David Glencross, chief executive of the Independent Television Commission, which issues satellite licences, said yesterday that under the Broadcasting Act the BBC was disqualified from holding a licence. The question, he said, was whether it was also disqualified from holding shares and voting rights as a minority shareholder.
The BBC opted in April to take a 20 per cent shareholding in UK Gold. This level appears to be based on the shareholding which would be acceptable for any ITV company seeking a stake in a UK satellite service. The restrictions are designed to prevent too much concentration of media control.
The ITC, Mr Glencross said, was not trying to prevent expansion. 'If you have a new legislative framework designed to open up the market you can't ring fence ITV and the BBC and say things are only open to new players. But the competition must be fair.'
BBC Enterprises said: 'We are fully confident that the structure of BBC Enterprises involvement in UK Gold is within the Broadcasting Act.'
The Association of Independent Radio Contractors yesterday urged the Government to restrict BBC Radio to supplying programming which is not provided by the commercial sector. Its chairman, Stewart Francis, said: 'BBC local radio stations have tried to compete with independent local radio as music stations, when they should concentrate on speech; Radio 3 has repositioned itself to resist the 'popular classics' of Classic FM and I'll wager Radio 1 is developing its plans to scupper the second national commercial radio station, Independent Music Radio, when it comes on air next spring. This is madness.'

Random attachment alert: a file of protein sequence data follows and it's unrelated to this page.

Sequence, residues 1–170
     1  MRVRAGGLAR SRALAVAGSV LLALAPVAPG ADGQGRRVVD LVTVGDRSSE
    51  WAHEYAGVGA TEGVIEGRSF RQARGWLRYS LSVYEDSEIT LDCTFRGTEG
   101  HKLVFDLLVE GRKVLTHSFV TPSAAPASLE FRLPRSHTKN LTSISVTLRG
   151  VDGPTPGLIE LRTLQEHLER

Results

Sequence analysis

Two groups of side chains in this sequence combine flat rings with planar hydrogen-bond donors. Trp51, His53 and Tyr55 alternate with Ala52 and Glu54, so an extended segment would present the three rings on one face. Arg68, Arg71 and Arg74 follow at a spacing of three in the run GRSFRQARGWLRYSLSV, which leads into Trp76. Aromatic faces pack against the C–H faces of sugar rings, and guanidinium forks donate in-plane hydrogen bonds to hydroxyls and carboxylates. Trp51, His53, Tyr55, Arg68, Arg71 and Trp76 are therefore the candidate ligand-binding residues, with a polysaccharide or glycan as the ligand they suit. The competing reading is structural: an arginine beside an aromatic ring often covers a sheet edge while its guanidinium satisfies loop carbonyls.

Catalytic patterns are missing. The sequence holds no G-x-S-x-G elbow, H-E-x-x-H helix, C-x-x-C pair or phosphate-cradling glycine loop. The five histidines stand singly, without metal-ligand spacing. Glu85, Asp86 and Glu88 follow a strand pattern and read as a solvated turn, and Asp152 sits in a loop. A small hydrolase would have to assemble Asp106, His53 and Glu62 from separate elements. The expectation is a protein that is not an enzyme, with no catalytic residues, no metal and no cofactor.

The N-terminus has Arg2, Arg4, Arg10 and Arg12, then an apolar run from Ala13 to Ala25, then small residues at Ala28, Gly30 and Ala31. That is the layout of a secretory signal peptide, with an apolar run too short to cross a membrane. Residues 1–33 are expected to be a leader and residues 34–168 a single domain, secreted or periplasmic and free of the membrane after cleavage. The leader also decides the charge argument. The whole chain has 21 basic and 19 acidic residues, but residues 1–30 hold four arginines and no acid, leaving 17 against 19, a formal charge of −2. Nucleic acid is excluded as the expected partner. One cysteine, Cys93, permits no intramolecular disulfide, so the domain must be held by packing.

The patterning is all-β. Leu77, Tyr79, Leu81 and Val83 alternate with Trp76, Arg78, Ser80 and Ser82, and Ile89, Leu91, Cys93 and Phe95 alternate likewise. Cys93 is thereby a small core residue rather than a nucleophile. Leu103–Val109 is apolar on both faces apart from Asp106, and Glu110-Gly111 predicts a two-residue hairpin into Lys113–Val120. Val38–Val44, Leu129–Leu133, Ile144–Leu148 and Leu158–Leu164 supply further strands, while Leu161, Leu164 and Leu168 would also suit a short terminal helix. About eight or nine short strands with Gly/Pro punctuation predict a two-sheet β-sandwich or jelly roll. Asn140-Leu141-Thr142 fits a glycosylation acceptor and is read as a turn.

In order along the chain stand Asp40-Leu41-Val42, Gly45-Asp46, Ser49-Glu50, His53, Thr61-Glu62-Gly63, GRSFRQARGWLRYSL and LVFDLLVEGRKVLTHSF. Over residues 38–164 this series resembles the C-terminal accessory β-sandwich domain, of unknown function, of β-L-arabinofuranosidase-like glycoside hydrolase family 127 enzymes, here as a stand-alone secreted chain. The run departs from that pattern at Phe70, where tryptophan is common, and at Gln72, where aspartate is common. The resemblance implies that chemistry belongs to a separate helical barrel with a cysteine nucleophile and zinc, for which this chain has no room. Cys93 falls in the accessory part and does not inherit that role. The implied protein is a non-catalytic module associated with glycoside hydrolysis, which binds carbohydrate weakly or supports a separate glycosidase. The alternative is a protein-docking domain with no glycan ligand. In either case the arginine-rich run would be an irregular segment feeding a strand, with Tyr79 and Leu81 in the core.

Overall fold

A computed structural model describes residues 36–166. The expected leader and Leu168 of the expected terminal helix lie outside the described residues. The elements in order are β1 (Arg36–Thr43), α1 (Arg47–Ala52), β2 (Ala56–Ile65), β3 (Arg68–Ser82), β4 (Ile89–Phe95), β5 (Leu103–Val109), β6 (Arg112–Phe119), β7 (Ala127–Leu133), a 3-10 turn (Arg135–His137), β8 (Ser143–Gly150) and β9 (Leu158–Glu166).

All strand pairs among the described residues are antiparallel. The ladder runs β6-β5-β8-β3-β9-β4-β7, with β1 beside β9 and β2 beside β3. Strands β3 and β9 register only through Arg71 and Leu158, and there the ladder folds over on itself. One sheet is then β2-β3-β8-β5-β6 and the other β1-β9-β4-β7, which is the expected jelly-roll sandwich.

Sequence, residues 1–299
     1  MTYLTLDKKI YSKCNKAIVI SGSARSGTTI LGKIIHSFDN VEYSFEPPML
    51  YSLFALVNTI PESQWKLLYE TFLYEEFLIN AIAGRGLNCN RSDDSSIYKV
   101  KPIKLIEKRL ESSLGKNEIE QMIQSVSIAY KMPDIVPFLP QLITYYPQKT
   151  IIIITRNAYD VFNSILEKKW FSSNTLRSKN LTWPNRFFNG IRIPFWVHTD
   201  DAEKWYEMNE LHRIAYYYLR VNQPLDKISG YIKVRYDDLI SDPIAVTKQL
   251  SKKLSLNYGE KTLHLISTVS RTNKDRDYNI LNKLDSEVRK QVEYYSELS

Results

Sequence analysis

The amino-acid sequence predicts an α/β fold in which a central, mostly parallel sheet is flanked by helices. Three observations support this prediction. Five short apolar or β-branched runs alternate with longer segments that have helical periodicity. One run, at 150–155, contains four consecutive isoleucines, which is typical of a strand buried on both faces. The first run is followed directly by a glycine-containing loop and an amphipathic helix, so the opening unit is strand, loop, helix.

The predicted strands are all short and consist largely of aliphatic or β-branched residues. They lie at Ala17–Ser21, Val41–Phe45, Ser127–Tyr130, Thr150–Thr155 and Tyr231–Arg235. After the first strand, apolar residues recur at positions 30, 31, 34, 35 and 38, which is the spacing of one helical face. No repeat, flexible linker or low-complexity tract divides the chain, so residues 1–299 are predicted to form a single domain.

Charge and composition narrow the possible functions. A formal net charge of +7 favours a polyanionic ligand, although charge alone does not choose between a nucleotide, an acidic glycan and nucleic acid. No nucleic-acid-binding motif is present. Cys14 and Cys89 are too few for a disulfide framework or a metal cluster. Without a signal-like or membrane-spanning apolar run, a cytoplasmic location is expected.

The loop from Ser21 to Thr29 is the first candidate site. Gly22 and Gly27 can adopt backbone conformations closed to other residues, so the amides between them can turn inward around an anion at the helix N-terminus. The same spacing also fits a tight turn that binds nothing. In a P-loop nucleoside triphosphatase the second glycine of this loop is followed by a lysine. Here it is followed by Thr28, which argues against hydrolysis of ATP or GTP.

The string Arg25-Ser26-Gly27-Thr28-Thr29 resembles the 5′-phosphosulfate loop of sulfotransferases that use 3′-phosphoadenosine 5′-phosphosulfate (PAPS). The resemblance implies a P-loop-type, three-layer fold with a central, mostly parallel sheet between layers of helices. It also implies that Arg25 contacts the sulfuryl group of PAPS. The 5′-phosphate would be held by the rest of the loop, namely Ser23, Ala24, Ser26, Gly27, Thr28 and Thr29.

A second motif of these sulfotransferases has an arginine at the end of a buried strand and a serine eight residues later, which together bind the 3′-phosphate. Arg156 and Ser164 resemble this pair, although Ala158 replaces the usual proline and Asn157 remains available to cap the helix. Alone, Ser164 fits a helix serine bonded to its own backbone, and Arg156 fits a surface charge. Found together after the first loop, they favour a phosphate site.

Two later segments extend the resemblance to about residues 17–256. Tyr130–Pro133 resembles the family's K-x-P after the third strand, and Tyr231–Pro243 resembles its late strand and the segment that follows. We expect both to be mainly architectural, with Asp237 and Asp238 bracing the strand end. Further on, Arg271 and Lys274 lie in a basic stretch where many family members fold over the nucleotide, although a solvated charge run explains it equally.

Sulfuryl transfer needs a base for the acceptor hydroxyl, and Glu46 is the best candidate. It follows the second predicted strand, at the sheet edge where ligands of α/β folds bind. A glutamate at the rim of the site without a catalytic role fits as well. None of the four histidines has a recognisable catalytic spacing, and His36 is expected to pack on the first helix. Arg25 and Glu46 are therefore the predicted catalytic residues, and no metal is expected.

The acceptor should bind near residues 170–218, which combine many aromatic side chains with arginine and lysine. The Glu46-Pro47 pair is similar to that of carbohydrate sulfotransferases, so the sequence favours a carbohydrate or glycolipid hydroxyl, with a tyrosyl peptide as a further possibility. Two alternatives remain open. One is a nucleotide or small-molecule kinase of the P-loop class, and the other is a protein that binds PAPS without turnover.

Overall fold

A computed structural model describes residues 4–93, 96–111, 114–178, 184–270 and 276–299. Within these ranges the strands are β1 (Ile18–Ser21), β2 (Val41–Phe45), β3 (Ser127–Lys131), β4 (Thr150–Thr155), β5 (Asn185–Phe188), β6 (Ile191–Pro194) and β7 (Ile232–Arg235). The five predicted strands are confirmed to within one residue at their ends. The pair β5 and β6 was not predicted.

Greg Dyke, chairman of the Independent Television Association, said that BSkyB may be over- estimating the number of satellite dishes installed. Sky this week said there were 2.46 million. GFK Marketing Services estimated 1.77 million.